Time banks let communities exchange skills, and they are now starting to work alongside social services. Francois Le Goff reports.
Dennis Scott is 78 years old and lives in sheltered accommodation in Greenwich, south London. He does not have much to do during the day, and when he heard about time banks at the local community centre, he decided to participate. He can now ask for help from other time bank members who take him shopping and drive him out of town to pursue his hobby, watching airplanes. In return, he earns time credits by putting stamps on envelopes.
Time banks are a new face of the voluntary sector. They are essentially banking infrastructures that deal in hours instead of pounds, and whose purpose is to help bring communities together. Participants 'deposit' time in the bank by spending a few hours helping somebody or doing community work. They are then able to withdraw time from the bank when they need a service themselves.
So far, 55 time banks have been created across the UK, each one run independently by a 'time broker'. They are all part of the Time Bank UK network, an umbrella body which will soon receive charitable status from the Charity Commission. Launched in 2000 in partnership with the New Economics Foundation, the network built on the success of a charitable trust called Fair Shares that set up a pilot project in 1998 to explore the use of time as a currency to rebuild local communities.
Time banks claim their work makes public services more efficient. Local communities can offer skills and resources that professionals working in the public sector may not have.
For example, running drug prevention or quit-smoking programmes requires a great deal of time commitment, but little professional training. Time banks' activity reports show that local communities can achieve better results than public services in such programmes.
In London alone 800 people have signed up with time banks in the past year, generating a great deal of enthusiasm among local authorities and the Government, which seems keen to ride the wave of the scheme's success.
A time bank is easy to support since it does not need large amounts of money. Running costs are low, and few permanent staff are required.
The Deptford and New Cross Time Bank, for example, has received a £20,000 grant from the Neighbourhood Renewal Unit of the Office of the Deputy Prime Minister. This will enable the local branch to operate until April 2004.
But time banks may have difficulties in receiving long-term statutory funding because they have no clear development plan. A time bank is not a project with a fixed set of objectives and targets, but an ongoing process.
"At first, we had no specific agenda, we just listened to what people had to say about their living conditions and built on that," says Karina Krogh, a time bank co-ordinator in south London.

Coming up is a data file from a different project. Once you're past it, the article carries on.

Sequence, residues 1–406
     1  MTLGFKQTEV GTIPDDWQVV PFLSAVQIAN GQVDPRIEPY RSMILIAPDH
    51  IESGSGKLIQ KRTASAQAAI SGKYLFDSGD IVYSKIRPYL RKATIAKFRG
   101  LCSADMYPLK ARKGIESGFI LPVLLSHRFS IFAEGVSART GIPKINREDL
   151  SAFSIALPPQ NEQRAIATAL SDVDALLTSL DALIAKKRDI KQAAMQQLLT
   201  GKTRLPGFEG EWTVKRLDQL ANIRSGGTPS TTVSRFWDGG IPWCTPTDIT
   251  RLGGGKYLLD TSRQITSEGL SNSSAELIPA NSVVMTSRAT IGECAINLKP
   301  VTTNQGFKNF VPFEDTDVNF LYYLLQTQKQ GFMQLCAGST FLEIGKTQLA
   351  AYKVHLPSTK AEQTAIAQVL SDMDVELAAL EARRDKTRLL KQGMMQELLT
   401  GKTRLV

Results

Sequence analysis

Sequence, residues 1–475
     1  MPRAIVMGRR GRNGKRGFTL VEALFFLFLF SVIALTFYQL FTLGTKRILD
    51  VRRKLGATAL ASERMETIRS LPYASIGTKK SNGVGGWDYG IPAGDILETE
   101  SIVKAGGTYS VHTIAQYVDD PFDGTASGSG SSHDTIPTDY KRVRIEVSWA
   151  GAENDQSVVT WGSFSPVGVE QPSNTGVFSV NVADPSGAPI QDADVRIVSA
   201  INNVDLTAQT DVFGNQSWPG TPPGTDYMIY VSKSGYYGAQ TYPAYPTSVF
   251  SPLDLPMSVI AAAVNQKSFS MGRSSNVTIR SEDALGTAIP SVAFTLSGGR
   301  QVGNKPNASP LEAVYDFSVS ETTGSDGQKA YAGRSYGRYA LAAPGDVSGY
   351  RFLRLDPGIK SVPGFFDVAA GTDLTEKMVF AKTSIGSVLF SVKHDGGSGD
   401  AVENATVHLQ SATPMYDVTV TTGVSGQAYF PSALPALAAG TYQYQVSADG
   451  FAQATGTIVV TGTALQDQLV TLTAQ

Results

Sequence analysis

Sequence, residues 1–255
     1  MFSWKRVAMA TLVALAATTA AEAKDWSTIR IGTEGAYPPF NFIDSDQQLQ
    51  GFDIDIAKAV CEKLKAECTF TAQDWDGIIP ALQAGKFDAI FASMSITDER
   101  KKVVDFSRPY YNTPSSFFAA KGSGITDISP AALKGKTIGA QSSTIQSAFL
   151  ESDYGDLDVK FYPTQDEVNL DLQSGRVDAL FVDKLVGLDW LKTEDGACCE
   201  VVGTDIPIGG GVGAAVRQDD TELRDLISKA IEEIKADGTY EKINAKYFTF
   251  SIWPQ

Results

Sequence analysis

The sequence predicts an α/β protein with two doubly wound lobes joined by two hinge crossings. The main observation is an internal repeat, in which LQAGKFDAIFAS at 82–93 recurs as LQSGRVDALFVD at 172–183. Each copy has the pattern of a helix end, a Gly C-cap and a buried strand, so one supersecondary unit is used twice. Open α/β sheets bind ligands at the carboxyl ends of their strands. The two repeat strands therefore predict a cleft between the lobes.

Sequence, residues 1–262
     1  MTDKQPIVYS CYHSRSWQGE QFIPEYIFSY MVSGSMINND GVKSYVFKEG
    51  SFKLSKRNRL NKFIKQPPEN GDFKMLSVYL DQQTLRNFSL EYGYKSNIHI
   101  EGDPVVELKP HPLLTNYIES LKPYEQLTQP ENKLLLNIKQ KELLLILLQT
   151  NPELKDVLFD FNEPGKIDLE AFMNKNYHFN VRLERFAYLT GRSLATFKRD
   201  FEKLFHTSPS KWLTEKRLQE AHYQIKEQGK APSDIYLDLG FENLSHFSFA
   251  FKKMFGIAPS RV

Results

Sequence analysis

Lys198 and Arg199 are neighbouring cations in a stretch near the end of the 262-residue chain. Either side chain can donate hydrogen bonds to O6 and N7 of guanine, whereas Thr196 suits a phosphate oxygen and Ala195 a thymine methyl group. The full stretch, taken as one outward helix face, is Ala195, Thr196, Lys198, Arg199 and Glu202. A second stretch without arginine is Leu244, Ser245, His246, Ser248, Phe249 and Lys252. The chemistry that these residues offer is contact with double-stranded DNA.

Local communities respond well to time banks because they feel disconnected from public services and do not believe that they are able to respond to their needs, according to Krogh.
"With time banking, everyone has the opportunity to be useful," she says.
"People do not sign up as 'unemployed' or 'mentally ill' but as someone with a skill to offer." Because they build mutual trust, she says, time banks attract those people that the public services cannot usually reach.
For example, young people with difficulties can receive advice and support through talking to a neighbour, before their problems take a more serious turn.
The Deptford and New Cross Time Bank plans to provide its participants with health awareness training in order to detect mental health problems within the local community. "In New Cross, 75 per cent of young people who commit suicide are not known by the NHS prior to their suicide," says Krogh.
The bank also runs an allotment scheme that enables people with mental health problems to share their knowledge of gardening with young women from the Pepys Housing Estate in Deptford. The value of time banks is that they let people build reciprocal links with the community, whereas the relationship they have with public services can be one-sided.
"In Lewisham, people with mental health problems told us that they did not want their time bank to be part of the South London and Maudsley NHS Trust," says Krogh. "They wanted the mental health services to move out of the hospital and into their community."
However, time banks operate very differently from the NHS. "People do not feel comfortable in endless consultation meetings," says Krogh. "They want to see the real effect these discussions will have on their lives. What I like about initiatives that emerge from the local community is that people decide today what they will do tomorrow. With the NHS, the decisions that are taken today are implemented next year."
These local projects have made the South London and Maudsley NHS Trust aware of the benefits of time banking. It has appointed a project officer for a period of two years to support the development of time banks and build links with the local community.
But because time banks can let people become less dependent on services like the NHS, health staff might be concerned that some of their responsibilities will be taken away from them.
"They are worried," says Eloise Mundy, vocational service manager at The Community Opportunity Services, which is a joint venture between the borough of Lewisham and The South London and Maudsley NHS Trust. "They realise that in 15 years time, their work might not be in such great demand anymore.